May 4, 2016 Posted by | AUSTRALIA - NATIONAL, climate change - global warming, Queensland | Leave a comment

More research needed into climate change – bushfire links

bushfireSenate inquiry told of need for more research into bushfire-climate change links   May 3, 2016  BLAIR RICHARDS State Political Reporter Mercury CALLS for more research into the links between climate change and bushfires and for greater national firefighting capacity have emerged from a Senate inquiry into the Tasmanian Wilderness fires.

The Senate’s environment and communications reference committee is examining the response to the fires that blazed through more than 20,000ha of the state’s Wilderness World Heritage Area in January and February.

The inquiry has received 24 submissions from stakeholders including scientific and conservation organisations, government agencies and individuals.

Some submissions called for more research into the impact of climate change on fire risk:…….

THE Australian Conservation Foundation said the fires should be a “wake-up call” for Australian governments to act on climate change.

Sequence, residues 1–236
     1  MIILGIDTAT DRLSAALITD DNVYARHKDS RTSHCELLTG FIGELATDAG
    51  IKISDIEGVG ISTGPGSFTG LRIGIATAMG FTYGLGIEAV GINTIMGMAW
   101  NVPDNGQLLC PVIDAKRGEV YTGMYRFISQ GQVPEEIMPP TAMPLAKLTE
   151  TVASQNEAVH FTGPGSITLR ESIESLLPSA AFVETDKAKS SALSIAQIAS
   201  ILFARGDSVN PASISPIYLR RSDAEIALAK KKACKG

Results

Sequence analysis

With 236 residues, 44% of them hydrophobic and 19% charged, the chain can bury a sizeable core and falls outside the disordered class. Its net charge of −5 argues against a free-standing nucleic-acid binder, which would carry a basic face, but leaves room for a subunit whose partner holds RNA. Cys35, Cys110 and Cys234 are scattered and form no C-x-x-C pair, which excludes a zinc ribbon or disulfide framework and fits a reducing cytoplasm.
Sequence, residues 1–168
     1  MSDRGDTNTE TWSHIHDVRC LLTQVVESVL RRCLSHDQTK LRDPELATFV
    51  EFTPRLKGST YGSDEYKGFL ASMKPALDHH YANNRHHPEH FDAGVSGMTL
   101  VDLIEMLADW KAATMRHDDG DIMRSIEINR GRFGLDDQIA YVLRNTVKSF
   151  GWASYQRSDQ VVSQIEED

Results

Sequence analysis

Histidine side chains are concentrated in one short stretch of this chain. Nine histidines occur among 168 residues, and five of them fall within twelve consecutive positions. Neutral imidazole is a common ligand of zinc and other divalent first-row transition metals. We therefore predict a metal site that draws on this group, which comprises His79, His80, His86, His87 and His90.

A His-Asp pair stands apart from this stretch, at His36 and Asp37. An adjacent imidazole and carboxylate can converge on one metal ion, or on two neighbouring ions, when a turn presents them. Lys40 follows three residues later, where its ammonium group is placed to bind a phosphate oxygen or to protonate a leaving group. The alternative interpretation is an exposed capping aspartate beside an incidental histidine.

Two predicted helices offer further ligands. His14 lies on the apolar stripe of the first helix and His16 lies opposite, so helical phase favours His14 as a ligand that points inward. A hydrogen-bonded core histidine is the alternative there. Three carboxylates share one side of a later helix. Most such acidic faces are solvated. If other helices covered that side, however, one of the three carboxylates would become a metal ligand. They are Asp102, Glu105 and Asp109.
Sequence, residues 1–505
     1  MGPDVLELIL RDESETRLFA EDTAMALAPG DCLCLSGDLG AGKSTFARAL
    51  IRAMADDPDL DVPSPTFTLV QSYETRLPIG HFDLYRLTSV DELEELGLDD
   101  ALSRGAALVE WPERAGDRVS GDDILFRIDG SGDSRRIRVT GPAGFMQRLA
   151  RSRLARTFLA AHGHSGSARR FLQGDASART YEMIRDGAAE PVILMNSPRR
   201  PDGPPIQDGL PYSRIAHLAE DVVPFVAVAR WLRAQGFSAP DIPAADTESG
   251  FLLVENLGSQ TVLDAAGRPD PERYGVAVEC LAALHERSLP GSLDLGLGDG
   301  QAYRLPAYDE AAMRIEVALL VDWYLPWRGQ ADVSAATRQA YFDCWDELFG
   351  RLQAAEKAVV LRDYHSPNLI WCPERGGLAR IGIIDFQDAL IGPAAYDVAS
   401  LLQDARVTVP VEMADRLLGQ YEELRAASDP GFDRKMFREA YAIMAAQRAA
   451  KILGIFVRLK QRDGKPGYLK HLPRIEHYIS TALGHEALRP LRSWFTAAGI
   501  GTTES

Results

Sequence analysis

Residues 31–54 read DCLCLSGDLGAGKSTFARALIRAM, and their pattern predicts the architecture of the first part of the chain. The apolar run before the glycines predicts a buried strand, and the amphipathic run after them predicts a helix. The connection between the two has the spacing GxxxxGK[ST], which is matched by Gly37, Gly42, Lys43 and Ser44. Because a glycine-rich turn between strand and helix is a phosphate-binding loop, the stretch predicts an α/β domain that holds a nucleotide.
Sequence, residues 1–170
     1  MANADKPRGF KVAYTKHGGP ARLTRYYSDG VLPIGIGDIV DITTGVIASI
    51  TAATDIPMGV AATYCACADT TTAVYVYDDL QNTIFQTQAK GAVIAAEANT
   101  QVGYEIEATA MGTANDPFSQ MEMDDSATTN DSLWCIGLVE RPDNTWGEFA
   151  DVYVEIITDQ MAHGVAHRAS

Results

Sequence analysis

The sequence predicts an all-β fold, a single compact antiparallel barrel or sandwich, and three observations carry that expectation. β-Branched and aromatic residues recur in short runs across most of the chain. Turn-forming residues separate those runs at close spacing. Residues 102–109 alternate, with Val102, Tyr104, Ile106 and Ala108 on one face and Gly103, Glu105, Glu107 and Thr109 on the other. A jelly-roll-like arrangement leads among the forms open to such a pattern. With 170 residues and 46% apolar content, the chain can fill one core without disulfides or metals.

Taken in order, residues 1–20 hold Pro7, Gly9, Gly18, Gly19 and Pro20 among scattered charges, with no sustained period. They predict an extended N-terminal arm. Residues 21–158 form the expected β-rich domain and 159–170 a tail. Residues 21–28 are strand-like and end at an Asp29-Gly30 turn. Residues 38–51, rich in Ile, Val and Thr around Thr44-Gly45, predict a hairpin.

THE Department of Environment said 20,100ha (1.3 per cent) of the Tasmanian Wilderness World Heritage Area was affected by fire……..

However, the Tasmanian Government’s submission said the forecast outlook for the Tasmanian Wilderness World Heritage Area was classified as “normal”.

The Senate committee is due to report by May 30.

May 4, 2016 Posted by | climate change - global warming, Tasmania | Leave a comment

100 % renewable energy: San Diego to become largest US city to achieve this

renewable_energy San Diego to become largest U.S. city to run on 100% renewable energy , Inhabitat, 
by , 3 May 16,